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4 ways to support a child’s self-awareness journey

date April 5, 2023Mina Minozzi


In this article, Mina Minozzi, Child Emotion Specialist, shares her expertise and advice on the best ways for nurturing self-awareness and developing a sense of self-identity in early childhood.

Self-awareness is an essential part of a child’s development as it helps them to understand their emotions, thoughts, and actions. Children who understand themselves can be better equipped to cope with the challenges of life, make informed decisions, and pursue their dreams.

In early childhood, children explore who they are and what they like by interacting with those around them and their environment. These early experiences of self-discovery are the building blocks for their later self-awareness and self-identity.

Here are 4 ways we as educators, carers, and parents can support a child’s self-awareness journey.


1. Explore emotions

Encouraging children to express their emotions, can be done through various means like art, writing, music, and play. Also, we can teach a child to identify and name their emotions through sharing our observations. For example, when a child is feeling sad, you could say, “I can see your mouth is facing down and your eyes are closed with tears, it looks like you are feeling sad right now.” This helps children to recognize and label their emotions, which is an important first step in developing self-awareness.

young boy playing with train in nursery setting

2. Encourage self-reflection

When we ask questions like, “How did that make you feel?” or “What could you have done differently?” instead of “Why are you angry?” or “You shouldn’t have done that, you should have done this.” It opens a different type of conversation, one that is from a place of curiosity, openness and understanding, rather than judgement, assumption, and authority.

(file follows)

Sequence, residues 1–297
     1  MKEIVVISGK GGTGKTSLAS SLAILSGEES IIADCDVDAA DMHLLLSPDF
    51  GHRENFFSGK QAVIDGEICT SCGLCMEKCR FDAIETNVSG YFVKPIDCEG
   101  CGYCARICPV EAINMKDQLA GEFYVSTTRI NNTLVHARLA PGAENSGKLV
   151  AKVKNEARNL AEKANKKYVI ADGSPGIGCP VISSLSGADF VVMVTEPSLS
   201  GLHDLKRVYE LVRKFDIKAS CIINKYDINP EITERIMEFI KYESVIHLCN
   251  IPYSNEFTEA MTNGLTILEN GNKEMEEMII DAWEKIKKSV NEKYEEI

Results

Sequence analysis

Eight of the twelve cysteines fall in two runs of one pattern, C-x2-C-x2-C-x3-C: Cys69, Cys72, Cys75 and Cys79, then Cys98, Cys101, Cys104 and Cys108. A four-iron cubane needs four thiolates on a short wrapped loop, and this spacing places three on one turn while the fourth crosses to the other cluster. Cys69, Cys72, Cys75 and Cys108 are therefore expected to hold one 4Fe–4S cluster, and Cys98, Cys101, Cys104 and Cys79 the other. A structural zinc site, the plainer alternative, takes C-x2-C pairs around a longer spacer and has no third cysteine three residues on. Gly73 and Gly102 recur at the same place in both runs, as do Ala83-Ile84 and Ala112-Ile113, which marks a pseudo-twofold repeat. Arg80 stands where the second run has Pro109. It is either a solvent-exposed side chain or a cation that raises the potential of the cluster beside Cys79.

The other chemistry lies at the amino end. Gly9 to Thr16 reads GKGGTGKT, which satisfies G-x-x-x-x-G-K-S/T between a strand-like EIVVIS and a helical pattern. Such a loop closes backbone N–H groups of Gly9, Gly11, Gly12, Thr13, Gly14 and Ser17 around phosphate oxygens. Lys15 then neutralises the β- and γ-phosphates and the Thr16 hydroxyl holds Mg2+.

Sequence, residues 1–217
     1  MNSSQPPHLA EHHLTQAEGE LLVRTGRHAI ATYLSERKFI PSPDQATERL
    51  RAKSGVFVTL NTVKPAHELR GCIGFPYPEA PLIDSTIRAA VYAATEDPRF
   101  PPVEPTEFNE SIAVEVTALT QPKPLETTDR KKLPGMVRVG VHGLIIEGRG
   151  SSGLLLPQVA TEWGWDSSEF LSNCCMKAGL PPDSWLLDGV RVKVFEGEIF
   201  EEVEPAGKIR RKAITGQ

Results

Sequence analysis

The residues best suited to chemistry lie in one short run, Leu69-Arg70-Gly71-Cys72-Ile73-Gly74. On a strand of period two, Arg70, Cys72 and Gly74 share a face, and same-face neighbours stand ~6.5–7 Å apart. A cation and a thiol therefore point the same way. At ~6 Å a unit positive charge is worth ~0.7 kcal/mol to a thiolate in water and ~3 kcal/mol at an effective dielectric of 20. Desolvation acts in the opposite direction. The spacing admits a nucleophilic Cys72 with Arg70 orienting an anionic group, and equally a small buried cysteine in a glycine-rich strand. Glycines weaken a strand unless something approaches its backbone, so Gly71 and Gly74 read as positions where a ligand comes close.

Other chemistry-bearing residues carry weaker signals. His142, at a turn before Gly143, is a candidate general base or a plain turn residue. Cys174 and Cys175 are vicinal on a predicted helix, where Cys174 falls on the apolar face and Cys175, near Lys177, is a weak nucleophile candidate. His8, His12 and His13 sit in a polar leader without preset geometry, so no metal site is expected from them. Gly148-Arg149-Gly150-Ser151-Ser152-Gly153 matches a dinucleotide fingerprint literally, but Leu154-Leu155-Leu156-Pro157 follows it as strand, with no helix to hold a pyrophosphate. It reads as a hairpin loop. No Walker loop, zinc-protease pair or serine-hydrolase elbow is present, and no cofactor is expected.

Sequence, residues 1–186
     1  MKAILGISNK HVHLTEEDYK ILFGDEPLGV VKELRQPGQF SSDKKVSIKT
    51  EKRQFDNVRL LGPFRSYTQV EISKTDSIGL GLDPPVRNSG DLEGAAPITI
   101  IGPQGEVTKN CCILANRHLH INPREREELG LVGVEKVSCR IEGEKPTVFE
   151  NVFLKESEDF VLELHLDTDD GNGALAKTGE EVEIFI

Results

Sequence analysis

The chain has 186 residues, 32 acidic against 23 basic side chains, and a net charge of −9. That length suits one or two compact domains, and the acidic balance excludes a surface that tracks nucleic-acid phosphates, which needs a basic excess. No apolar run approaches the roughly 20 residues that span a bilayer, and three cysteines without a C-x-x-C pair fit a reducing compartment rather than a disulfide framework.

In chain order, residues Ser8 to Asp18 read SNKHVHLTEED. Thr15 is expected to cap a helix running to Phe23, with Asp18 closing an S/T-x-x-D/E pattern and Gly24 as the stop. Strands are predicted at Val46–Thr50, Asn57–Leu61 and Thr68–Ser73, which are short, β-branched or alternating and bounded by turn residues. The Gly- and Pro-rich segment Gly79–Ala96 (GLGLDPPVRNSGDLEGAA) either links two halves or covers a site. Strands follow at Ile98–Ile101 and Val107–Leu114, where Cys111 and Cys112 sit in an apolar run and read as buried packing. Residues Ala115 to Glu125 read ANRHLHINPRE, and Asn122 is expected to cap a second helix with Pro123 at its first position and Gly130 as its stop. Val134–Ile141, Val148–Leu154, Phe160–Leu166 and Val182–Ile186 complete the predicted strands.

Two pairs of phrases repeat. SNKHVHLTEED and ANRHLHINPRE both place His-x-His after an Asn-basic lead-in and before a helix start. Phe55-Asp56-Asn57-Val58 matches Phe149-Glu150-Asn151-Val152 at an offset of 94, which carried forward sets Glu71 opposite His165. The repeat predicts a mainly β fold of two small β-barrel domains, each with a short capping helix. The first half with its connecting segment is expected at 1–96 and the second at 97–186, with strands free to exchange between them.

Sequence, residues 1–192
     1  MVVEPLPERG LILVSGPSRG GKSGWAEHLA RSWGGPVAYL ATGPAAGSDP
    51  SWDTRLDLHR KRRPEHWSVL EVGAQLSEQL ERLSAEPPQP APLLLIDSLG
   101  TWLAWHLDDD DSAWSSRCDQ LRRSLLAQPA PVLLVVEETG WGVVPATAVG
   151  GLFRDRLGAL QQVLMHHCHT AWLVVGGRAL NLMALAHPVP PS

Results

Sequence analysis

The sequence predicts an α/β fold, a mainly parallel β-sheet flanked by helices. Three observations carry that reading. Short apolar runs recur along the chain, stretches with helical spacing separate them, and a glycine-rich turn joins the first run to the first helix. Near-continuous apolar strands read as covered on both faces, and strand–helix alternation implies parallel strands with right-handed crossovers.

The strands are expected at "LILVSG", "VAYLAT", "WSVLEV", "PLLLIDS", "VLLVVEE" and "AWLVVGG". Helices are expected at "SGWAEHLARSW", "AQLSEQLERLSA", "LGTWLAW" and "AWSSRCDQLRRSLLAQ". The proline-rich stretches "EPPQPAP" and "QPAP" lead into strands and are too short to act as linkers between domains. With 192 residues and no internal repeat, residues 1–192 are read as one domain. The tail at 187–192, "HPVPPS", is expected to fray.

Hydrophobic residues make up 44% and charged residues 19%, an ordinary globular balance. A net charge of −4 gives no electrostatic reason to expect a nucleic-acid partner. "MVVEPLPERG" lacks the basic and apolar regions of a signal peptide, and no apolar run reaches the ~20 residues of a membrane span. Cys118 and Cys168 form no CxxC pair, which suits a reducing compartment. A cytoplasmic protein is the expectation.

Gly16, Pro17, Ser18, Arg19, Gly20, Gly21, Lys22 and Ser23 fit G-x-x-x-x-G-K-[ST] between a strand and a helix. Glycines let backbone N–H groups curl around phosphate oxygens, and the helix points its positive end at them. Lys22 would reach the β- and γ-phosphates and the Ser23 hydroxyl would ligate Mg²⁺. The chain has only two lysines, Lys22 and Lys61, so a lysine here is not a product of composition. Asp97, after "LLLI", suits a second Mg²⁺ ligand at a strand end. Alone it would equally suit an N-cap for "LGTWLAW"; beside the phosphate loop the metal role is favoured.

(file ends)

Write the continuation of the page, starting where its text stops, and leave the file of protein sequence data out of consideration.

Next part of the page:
The ‘what’ and ‘how’ framed questions encourage children to think about the motivations behind their actions and problem solve with our guidance. Applied this could sound like “What did you want when you hit George?” and “How else could you have let George know you weren’t finished with the Lego?”.

3.Explore diversity

When we seek, include and use materials and activities that share diverse cultures, languages, and experiences, we help children to understand that there are many ways of being and that diversity is something to be celebrated. This also helps children to develop a greater appreciation for their own unique identity. Helping children to understand that differences are what make us unique and special can promote a sense of acceptance and understanding of others, which can lead to a better understanding of their own self-identity.

4. Model self-awareness

We all know that one of the main ways children learn is by watching others. We can practice self-awareness in our own lives, through talking about our emotions and actions. For example, we could say, “I’m feeling frustrated right now because I can’t find my keys.” This helps children to see that it’s okay to have emotions and to talk about them. Hearing us reflect on how we handled a situation and what we could have done differently can show children the value of self-reflection and learning from past experiences.

Final thoughts

Promoting self-identity in early childhood is an important part of a child’s development. Parents, educators, and carers play a crucial role in this process by creating a supportive environment that encourages self-expression and embraces diversity. By understanding themselves, children can build a positive self-image, gain confidence in their abilities, and pursue their passions.

If you want to find out more,  register to join Mina Minozzi’s FREE live #KinderlyWebinar and Q&A on 26th April:  Book your FREE space: HERE


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About the author

Mina Minozzi headshot

Mina Minozzi is a Child Emotion Specialist and international children’s author. She has a MSc in Child Development from the Institute of Education and over 12 years’ experience. She specialises in children’s confidence development, anger regulation, anxiety and stress management. She shares her understanding and skills of guiding children’s emotions with parents, businesses, education and care providers. Mina’s inclusive superhero book series introduces school aged children to emotional intelligence. She has consulted for CNBC make it, The Kids Network, Penguin Random House.